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Geostationary Operational Environmental Satellites I-M (GOES I-M)

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Status: Completed
Mission Category: Inter-Agency Partnerships
Launch Date: April 13, 1994
Launch Location: Cape Canaveral, FL
Actual Completion Date: August 16, 2013

The Geostationary Operational Environmental Satellites I-M (GOES I-M) were the primary element of U.S. weather monitoring and forecast operations and a key component of NOAA's National Weather Service operations and modernization program. Spacecraft and ground-based systems worked together to accomplish the mission of providing weather imagery and quantitative sounding data that form a continuous and reliable stream of environmental information used for weather forecasting and related services.

Designed to operate in a geosynchronous orbit at 35,790 (22,240 statute miles) above the Earth, the advanced GOES I-M satellites continuously viewed the continental United States, neighboring environs of the Pacific and Atlantic Oceans, and Central and South America. The three-axis, body-stabilized spacecraft design enabled the sensors to stare at the Earth and image clouds more frequently, monitor Earth's surface temperature and water vapor fields, and sound the atmosphere for its vertical thermal and vapor structures. The GOES I-M satellites followed the evolution of atmospheric phenomena to ensure real-time coverage of short-lived dynamic events like severe local storms and tropical cyclones. These meteorological events directly affect public safety, property, and economic health and development. The importance of this capability was exemplified during hurricanes Hugo (1989) and Andrew (1992).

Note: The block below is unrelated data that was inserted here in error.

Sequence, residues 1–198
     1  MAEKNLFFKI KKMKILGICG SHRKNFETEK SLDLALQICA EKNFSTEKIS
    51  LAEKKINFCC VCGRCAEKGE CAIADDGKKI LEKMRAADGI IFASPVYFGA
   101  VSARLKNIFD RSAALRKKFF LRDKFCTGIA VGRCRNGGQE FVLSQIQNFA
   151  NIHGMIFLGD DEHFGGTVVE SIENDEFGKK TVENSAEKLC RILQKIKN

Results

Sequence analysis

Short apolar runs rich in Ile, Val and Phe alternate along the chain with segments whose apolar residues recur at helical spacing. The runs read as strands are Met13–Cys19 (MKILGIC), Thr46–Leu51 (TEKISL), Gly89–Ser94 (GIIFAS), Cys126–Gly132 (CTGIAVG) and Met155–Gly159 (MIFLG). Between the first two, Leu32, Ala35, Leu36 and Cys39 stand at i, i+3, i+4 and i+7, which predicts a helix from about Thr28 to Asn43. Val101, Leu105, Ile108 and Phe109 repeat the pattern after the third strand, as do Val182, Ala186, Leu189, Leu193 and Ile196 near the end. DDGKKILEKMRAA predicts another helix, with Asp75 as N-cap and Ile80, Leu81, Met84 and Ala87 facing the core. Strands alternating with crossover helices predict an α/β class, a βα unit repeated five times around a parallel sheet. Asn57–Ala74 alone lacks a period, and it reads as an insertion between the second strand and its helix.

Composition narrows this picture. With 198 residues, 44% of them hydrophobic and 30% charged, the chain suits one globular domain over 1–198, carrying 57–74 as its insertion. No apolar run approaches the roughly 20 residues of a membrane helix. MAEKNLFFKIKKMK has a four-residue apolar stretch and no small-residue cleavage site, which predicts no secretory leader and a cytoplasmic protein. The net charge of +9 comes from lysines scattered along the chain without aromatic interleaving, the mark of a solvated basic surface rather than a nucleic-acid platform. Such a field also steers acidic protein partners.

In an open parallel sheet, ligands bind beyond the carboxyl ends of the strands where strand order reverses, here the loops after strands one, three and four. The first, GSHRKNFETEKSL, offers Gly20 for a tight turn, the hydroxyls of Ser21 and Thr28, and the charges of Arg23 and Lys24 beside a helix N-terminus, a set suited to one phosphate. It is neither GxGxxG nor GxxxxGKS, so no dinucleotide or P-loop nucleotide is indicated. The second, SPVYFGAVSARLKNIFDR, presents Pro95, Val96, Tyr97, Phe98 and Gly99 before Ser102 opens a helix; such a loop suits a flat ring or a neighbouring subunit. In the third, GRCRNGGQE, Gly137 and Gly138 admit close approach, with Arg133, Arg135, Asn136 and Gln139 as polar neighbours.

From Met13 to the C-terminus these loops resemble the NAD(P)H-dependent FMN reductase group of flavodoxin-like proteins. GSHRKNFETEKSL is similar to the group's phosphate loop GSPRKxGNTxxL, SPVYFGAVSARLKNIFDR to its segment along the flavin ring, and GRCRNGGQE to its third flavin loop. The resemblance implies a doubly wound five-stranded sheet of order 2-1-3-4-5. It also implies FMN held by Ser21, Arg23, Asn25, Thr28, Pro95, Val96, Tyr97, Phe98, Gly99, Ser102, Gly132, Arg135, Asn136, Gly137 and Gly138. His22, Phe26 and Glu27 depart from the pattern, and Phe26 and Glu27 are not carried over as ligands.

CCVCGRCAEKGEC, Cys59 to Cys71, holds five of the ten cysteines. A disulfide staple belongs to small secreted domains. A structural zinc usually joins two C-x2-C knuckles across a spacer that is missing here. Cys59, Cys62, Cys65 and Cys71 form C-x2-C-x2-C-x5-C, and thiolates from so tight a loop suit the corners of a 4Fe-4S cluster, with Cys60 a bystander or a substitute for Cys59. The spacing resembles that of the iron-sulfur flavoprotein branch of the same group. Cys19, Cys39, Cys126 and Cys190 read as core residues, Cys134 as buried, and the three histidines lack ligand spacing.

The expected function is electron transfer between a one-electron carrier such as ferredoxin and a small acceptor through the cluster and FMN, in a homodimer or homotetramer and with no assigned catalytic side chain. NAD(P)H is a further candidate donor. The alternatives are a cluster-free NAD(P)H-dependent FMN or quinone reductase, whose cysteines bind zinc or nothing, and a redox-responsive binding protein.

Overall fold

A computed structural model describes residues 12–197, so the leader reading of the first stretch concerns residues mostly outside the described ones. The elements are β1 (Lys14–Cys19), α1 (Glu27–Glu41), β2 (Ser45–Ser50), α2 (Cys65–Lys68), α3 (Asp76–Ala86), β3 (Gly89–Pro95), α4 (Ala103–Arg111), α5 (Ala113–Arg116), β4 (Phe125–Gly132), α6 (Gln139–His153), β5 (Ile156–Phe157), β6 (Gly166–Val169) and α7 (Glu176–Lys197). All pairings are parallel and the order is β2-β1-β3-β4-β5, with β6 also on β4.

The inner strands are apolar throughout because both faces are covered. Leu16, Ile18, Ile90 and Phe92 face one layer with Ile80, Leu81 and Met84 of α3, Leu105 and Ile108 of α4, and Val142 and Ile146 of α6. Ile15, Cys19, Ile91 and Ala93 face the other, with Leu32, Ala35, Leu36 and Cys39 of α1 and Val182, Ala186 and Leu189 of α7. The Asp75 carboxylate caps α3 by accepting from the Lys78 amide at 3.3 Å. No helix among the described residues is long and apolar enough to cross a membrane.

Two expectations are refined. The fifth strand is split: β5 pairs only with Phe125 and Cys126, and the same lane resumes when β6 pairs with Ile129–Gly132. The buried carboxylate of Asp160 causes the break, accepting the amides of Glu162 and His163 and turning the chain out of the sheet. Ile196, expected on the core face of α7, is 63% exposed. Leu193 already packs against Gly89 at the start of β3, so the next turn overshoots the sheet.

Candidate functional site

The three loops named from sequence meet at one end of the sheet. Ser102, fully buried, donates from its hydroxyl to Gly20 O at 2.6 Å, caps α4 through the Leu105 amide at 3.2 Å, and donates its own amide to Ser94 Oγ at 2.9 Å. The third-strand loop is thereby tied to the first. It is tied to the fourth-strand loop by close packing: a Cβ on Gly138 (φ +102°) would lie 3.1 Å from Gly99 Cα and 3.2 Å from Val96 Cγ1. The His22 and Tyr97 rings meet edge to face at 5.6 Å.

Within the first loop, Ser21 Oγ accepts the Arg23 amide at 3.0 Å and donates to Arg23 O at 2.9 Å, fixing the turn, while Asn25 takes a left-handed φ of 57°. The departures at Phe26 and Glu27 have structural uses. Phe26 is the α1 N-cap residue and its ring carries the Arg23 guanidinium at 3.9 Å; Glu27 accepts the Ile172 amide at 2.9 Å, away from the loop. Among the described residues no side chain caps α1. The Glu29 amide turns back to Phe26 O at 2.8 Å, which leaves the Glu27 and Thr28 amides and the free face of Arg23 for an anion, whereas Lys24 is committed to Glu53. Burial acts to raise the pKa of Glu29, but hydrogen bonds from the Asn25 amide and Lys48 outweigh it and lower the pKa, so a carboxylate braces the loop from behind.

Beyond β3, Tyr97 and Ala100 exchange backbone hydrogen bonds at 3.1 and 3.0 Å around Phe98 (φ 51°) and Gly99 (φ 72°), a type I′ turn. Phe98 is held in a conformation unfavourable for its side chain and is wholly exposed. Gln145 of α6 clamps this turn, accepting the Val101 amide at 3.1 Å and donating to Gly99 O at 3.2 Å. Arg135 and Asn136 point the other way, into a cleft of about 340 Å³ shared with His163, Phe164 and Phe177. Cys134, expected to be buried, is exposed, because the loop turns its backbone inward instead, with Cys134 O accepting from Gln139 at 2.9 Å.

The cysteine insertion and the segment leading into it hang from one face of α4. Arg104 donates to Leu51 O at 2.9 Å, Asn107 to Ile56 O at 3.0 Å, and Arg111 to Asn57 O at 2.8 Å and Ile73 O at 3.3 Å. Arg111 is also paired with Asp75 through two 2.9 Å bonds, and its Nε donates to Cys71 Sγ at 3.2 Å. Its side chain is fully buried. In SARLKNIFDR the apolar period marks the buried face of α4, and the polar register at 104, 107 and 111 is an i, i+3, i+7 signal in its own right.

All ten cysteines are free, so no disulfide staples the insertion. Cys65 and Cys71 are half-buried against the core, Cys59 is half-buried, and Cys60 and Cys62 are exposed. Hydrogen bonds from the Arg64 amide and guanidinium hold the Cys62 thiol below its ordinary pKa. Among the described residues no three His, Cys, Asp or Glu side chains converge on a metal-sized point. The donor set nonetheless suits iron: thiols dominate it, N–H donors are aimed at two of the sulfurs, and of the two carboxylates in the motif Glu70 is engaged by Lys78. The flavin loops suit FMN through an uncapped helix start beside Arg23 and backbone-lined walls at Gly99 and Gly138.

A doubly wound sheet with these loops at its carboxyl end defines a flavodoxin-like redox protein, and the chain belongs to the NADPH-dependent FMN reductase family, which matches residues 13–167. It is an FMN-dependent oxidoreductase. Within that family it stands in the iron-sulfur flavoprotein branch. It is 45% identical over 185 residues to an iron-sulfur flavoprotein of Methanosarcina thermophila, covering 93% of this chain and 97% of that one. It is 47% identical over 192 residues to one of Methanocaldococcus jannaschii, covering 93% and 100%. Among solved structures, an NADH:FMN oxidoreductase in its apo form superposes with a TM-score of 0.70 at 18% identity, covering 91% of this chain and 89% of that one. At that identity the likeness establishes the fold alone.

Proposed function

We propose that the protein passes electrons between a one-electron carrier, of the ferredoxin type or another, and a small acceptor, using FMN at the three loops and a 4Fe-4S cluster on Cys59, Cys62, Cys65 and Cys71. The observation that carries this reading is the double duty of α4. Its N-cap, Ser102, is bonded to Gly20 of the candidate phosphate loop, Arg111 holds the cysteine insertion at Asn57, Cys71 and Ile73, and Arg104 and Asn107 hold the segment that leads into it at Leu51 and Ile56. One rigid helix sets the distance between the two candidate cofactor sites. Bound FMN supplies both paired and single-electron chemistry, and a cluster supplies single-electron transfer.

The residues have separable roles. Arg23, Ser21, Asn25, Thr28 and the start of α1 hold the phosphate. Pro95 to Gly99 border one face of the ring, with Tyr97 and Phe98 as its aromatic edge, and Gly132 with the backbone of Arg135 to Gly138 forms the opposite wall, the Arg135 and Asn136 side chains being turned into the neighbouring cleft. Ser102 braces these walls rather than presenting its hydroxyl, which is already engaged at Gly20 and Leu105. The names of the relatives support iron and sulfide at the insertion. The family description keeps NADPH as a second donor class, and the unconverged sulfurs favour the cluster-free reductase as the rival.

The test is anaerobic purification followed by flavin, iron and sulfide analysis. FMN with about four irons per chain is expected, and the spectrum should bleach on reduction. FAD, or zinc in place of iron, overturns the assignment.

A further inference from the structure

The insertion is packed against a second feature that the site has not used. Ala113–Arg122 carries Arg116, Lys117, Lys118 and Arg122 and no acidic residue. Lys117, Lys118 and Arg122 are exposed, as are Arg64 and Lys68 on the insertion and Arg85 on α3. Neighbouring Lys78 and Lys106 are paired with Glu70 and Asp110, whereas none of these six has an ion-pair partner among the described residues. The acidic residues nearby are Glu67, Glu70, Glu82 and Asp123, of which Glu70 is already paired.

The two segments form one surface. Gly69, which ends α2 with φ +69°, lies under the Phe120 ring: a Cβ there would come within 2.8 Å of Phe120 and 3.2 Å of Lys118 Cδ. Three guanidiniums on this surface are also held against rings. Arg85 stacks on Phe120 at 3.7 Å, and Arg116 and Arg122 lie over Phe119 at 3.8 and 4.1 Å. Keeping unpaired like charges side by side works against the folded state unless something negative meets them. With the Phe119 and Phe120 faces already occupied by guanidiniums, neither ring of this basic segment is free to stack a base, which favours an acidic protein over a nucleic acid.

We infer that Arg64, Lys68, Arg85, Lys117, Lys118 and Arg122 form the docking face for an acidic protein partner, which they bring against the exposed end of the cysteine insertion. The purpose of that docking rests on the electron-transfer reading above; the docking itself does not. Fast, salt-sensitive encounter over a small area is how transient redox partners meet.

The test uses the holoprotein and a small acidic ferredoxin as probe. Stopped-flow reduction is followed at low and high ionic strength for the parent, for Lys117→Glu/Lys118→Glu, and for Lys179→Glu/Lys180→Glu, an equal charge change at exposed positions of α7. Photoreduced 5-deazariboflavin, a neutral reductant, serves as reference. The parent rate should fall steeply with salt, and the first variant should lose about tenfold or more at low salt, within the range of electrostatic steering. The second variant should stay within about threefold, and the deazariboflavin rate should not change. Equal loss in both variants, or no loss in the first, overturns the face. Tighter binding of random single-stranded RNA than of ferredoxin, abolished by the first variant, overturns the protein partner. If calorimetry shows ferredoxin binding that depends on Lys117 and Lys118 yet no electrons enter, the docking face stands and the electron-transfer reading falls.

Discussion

The GOES I-M series of satellites provided significant improvements over previous GOES systems in weather imagery and atmospheric sounding information, particularly in the forecasting of life- and property-threatening severe storms.

The GOES I-M satellites introduced two new features. The first feature, flexible scan, offered small-scale area imaging that let meteorologists take pictures of local weather trouble spots. This allowed them to improve short-term forecasts over local areas. The second feature, simultaneous and independent imaging and sounding, is designed to allow weather forecasters to use multiple measurements of weather phenomena to increase the accuracy of their forecasts.

The first of the series, GOES-I, was launched on April 13, 1994. After nearly 8 years of operational service, GOES-I was deorbited on April 1, 2003. The latest satellite in this series, GOES-M, was launched on July 22, 2001 and was decommissioned on August 16, 2013.

Key Geostationary Operational Environmental Satellites I-M Facts

Mission/Portal Page: http://science.nasa.gov/missions/goes-m/
Instruments: GOES I-M Imager
GOES I-M Sounder
SXI (Solar X-Ray Imager)
Project Scientist(s): Dennis Chesters

Relevant Science Focus Areas:

  • Climate Variability and Chang
  • Weather

Relevant Science Questions:

  • How is the global Earth system changing?

Related Applications:

  • Weather Prediction